Anaergia secures contract to supply waste-to-biogas solution for PepsiCo in South Africa

Anaergia announced it is providing its technologies, engineering and process design for a new facility that will convert food processing waste into renewable energy at PepsiCo’s Simba Chips plant in Johannesburg, South Africa. The new facility will allow this food processing operation to reduce its emissions and manage waste, reduce operating costs by generating carbon-negative energy to help PepsiCo achieve its net-zero emissions goals. Construction on the new facility began in January.

Anaergia is supplying its high solids anaerobic digestion technologies, and partnering with Tecroveer, a South African wastewater engineering company, which is providing project execution and power generation technology. The facility will convert up to 11,500 metric tonnes of food scraps, fryer waste and wastewater sludge into 800kW of renewable electricity each year. The facility will also provide natural fertiliser for PepsiCo’s agriculture division. This facility will be a landmark reference for Africa, as it diverts waste from landfill disposal, maximises energy value from both waste and wastewater sludge, and converts digestate into fertiliser.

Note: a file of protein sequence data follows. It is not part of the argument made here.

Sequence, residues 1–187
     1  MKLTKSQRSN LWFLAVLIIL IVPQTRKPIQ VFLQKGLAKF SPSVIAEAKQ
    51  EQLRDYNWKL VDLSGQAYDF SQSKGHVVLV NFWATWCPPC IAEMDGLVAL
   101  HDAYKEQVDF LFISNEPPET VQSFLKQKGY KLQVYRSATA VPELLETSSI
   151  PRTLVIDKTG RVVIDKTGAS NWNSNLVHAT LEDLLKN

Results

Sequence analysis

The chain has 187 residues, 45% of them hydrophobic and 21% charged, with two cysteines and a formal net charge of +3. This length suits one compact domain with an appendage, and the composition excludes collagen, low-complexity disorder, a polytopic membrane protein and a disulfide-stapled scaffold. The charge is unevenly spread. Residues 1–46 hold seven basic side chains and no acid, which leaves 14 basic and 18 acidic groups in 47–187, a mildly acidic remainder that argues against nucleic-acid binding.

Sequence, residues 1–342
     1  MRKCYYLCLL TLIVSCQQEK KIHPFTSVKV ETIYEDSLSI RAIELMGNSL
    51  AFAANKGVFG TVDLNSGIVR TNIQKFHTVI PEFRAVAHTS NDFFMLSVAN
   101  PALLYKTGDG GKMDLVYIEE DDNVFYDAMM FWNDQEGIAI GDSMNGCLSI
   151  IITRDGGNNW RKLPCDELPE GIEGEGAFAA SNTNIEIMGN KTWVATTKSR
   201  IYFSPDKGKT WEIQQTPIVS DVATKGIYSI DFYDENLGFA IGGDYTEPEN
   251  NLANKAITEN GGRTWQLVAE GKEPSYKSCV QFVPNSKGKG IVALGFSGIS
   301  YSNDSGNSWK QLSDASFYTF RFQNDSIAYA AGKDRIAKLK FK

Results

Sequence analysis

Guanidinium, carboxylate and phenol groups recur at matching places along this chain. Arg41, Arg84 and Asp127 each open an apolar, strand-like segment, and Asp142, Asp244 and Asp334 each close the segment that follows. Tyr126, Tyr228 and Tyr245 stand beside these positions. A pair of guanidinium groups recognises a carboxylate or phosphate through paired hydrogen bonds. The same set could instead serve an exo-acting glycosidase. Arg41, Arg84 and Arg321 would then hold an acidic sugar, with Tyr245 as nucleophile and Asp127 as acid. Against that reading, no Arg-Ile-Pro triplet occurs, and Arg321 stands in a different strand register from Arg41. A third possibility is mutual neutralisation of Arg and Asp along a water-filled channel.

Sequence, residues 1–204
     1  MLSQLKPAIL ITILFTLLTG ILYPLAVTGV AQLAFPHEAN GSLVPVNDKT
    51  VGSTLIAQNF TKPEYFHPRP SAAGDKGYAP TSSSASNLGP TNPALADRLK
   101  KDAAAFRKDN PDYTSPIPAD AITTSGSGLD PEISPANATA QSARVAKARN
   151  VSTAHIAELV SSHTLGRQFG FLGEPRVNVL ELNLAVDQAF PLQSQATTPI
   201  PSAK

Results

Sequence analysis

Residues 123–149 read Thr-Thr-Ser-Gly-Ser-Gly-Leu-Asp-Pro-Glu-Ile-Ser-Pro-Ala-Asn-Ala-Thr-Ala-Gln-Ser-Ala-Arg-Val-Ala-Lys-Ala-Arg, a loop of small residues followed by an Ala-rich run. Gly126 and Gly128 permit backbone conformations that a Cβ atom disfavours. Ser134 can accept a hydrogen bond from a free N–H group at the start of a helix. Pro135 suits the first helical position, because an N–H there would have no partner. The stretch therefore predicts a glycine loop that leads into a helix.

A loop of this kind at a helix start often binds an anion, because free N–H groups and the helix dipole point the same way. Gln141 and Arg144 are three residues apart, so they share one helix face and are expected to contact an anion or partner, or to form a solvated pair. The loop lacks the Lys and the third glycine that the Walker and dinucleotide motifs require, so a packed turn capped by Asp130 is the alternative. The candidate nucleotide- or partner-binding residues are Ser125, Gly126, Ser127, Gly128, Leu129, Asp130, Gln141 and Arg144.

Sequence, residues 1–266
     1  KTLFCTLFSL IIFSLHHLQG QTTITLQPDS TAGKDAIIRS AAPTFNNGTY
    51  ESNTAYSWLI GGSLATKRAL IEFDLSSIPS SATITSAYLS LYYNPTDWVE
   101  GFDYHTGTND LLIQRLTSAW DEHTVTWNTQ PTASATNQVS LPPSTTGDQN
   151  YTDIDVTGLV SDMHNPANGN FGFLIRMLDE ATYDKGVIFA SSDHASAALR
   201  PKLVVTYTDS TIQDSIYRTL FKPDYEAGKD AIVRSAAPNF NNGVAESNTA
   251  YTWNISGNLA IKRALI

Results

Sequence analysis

Anaergia has already sold a similar system to one of PepsiCo’s facilities in Portugal. These projects will help PepsiCo reduce its scope one emissions, reduce operating costs and enhance resiliency by generating carbon-negative energy to help PepsiCo achieve its net-zero emissions goals.

“Leveraging synergies between the waste and the wastewater from food production maximises energy generation and avoids methane emissions into the atmosphere, a major clause of climate change. This is achieved when we use the waste to make renewable energy,” said Andrew Benedek, chairman and CEO of Anaergia. “One of the most hopeful signs in the battle against climate change is the desire of leading multinationals like PepsiCo to voluntarily invest in the optimisation and decarbonisation of their facilities,” he added.